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Around the World in 80 Films: Possession

Where do I even start with Possession (1981)? How do I describe this film to you? When I say that there isn’t another film like it, I truly mean this. After finishing the film, I was left in a state of somewhat stunned silence, I felt like my own body had become possessed in a way. I was numb from the experience, and I sat there trying to process what I had just watched. I found myself with more questions. Just why did these characters behave and react in the way they did? Was the film promoting the nuclear family or critiquing it?

Possession opens with Sam Neill’s Mark returning home to West Berlin from a work-trip. We are introduced to his wife Anna, played by Isabelle Adjani, as she walks in a fast brisky pace to meet him. She doesn’t embrace him, but rather stands there with her arms crossed. Mark puts down his suitcases, picks them back up and drops them back down again.

There’s tension and awkwardness between the two of them. His first words to his wife are, ”You can’t say you don’t know.” He offers to stay somewhere else, she seems on edge around him. It’s clear that their marriage is on the rocks. Anna wants a divorce, but the two of them have a son (Bob) and Mark is determined to make their marriage work.


The next day, Anna doesn’t return home. Mark discovers that she has left him and there’s another man. He arranges to meet Anna at a local cafe to talk. When they meet they do not sit across from each other, and the seat is at a corner which creates a divide between them, this is an effective way of showing the barrier between them. Mark loses his temper and chases Anna throughout the cafe, throwing chairs as he tries to get to her.

Already we are beginning to see the destructive nature between these two characters. It is worth noting that the film is set in Berlin, a city divided by the USSR and the allied forces after the second world war. I find it somewhat ironic that a story about a divided couple takes place in a city that has been divided by a wall, like Anna and Mark, the West and the East seem unable to function together so they have built a wall in order to stay apart.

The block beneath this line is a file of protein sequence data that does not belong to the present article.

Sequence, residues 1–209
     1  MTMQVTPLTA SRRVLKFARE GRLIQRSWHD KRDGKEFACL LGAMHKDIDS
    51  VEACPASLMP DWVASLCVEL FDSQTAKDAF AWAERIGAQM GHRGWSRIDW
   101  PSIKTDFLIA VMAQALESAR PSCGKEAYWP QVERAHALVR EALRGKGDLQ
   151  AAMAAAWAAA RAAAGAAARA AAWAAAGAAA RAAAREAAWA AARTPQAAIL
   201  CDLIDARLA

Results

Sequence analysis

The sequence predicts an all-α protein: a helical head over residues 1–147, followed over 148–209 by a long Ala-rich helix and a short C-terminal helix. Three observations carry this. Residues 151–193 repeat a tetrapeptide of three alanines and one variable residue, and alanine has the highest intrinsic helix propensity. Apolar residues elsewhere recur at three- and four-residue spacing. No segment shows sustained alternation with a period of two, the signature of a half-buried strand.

Anna and Mark part ways. Mark learns from one of Anna’s friends that Anna had taken a temporary lover during his recent absence, despite her stressing that she isn’t breaking up with him over someone else. We see Mark descend into agony; unshaven, wearing a dirty suit that is falling apart at the seams, representing perhaps how Mark is falling apart at the seams too. We don’t know exactly how many days or weeks it has been but Mark is spending his time curled up in a fetal position mumbling incoherently into his phone, begging Anna to let him come back.

Eventually, Mark (clean-shaven once more, but still wearing that awful suit) visits his old home, only to find the place a mess, and Bob uncared for covered in jam and alone. Mark and Anna effectively switch places at this point, with Mark taking over the home and the care of their son, while Anna disappears.


Anna starts behaving erratically after splitting up from Mark, and she descends into further and further levels of depravity. When she does return to the home from time to time, the two of them begin screaming at each other, and Anna cuts her throat with an electric knife. Mark reacts by cutting his own arm (”It doesn’t hurt” he states calmly).

During their rows, Mark often declares that the situation is disgusting, which Anna agrees to. They can clearly recognise that they can’t be together, but for whatever reason they find themselves being pulled together. Whenever Anna is around Mark, she struggles to contain her disgust, her body jerks and her facial expressions become more exaggerated.